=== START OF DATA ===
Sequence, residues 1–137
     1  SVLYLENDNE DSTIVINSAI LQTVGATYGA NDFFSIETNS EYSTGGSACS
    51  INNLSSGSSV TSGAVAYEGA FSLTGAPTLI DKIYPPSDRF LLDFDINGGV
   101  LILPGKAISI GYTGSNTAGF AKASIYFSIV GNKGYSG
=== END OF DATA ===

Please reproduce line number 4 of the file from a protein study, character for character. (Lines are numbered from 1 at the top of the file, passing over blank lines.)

   101  LILPGKAISI GYTGSNTAGF AKASIYFSIV GNKGYSG